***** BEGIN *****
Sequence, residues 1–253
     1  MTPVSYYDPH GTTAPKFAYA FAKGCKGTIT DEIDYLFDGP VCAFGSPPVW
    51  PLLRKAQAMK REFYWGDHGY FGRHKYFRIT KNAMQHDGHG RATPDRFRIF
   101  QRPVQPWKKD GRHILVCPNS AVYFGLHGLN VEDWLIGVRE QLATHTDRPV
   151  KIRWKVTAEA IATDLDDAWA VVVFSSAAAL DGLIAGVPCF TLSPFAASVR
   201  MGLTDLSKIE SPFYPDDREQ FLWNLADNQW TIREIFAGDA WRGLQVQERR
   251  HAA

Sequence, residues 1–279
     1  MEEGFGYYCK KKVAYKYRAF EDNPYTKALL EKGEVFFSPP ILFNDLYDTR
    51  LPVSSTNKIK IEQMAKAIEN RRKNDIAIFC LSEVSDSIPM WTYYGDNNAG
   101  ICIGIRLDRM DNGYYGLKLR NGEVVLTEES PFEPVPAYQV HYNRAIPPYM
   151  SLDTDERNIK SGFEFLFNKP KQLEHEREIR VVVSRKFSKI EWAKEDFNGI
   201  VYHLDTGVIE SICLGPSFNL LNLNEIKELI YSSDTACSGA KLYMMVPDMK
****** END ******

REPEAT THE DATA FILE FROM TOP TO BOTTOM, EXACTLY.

Sequence, residues 1–253
     1  MTPVSYYDPH GTTAPKFAYA FAKGCKGTIT DEIDYLFDGP VCAFGSPPVW
    51  PLLRKAQAMK REFYWGDHGY FGRHKYFRIT KNAMQHDGHG RATPDRFRIF
   101  QRPVQPWKKD GRHILVCPNS AVYFGLHGLN VEDWLIGVRE QLATHTDRPV
   151  KIRWKVTAEA IATDLDDAWA VVVFSSAAAL DGLIAGVPCF TLSPFAASVR
   201  MGLTDLSKIE SPFYPDDREQ FLWNLADNQW TIREIFAGDA WRGLQVQERR
   251  HAA

Sequence, residues 1–279
     1  MEEGFGYYCK KKVAYKYRAF EDNPYTKALL EKGEVFFSPP ILFNDLYDTR
    51  LPVSSTNKIK IEQMAKAIEN RRKNDIAIFC LSEVSDSIPM WTYYGDNNAG
   101  ICIGIRLDRM DNGYYGLKLR NGEVVLTEES PFEPVPAYQV HYNRAIPPYM
   151  SLDTDERNIK SGFEFLFNKP KQLEHEREIR VVVSRKFSKI EWAKEDFNGI
   201  VYHLDTGVIE SICLGPSFNL LNLNEIKELI YSSDTACSGA KLYMMVPDMK